Abuse Inquiry Gets New Leader

By Leon Worden
Signal City Editor

Saturday, June 26, 2004

LTG Anthony R. Jones
Approving Gen. Paul J. Kern's recommedation Friday, acting Army Secretary Les Brownlee named Lt. Gen. Anthony R. Jones (shown) to take over where Maj. Gen. George R. Fay left off with the investigation of questionable intelligence practices at Abu Ghraib prison. US Army photo
three-star general is taking over the Army's investigation of questionable intelligence practices last fall at Abu Ghraib prison in Iraq.
    The Army announced Friday that Lt. Gen. Anthony R. Jones, deputy commander of the Army Training and Doctrine Command at Ft. Monroe, Va., will head the investigation that was launched March 31 by two-star Maj. Gen. George R. Fay.
    A 34-year Army veteran with an infantry background, Jones holds a master's degree in systems management from the University of Southern California.
    His investigation takes aim at the 205th Military Intelligence Brigade, which was given control of detention operations at Abu Ghraib at a time when the Pentagon was focused on finding Saddam Hussein and quelling insurgent attacks.
    Four members of the 205th — two officers and two civilian contractors including John B. Israel, an Iraqi-American translator from Canyon Country — were identified by Maj. Gen. Antonio Taguba as "responsible" for the prisoner abuse. Taguba recommended further inquiry to determine the extent of their culpability.
    The switch from Fay to Jones is meant to quell concerns that Fay lacked sufficient seniority to question Lt. Gen. Ricardo Sanchez, the three-star general who put the intelligence officers in operational control of the prison in November.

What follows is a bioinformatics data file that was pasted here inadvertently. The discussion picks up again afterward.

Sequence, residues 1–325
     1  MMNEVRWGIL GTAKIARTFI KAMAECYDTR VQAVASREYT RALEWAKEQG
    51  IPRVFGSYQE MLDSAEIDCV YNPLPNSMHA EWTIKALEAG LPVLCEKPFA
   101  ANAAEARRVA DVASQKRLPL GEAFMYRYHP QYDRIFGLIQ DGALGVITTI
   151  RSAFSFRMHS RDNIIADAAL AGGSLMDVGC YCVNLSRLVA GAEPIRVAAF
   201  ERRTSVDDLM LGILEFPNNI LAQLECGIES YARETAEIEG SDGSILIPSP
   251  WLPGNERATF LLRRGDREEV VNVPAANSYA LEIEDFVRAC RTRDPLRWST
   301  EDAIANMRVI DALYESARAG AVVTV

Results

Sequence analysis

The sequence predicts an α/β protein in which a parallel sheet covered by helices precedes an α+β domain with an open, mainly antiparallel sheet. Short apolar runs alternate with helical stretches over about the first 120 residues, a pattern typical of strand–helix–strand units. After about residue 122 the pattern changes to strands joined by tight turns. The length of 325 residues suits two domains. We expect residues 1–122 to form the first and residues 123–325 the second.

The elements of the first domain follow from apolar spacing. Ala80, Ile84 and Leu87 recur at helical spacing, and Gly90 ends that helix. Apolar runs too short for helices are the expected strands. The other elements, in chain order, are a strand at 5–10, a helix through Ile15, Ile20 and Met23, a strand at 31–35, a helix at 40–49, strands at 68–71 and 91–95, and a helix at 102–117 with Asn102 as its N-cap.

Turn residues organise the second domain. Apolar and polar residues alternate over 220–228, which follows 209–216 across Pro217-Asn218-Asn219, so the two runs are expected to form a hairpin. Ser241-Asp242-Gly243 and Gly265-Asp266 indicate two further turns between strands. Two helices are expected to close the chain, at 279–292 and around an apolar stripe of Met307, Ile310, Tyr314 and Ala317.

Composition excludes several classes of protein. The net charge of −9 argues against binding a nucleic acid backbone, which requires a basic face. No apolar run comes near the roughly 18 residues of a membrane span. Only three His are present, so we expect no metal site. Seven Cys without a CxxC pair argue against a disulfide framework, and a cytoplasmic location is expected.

While Sanchez has denied authorizing interrogation techniques that included the use of military dogs, sleep deprivation and hooding, intelligence officers have testified that he knew about the special tactics.
    Both Jones and Sanchez have three stars on their epaulets, but Jones has superiority by virtue of his longer tenure, an Army spokeswoman said.
    "That was the intent," said Lt. Col. Pamela Hart, when asked whether the Army purposefully sought to replace Fay with someone senior to Sanchez. Fay will stay on the investigation team.
    Apparently distancing itself from Sanchez — who was reportedly in line for a fourth star in recent months — the Pentagon named Gen. George Casey, the Army's vice chief of staff, to take over coalition troop command from Sanchez following Wednesday's transfer of power to the new Iraqi government.
    The Senate confirmed Casey's appointment Friday. Lt. Gen. Richard Cody takes Casey's place as the Army vice chief of staff.
    Sanchez is expected to transfer to Germany where he will remain in charge of the Army's 5th Corps.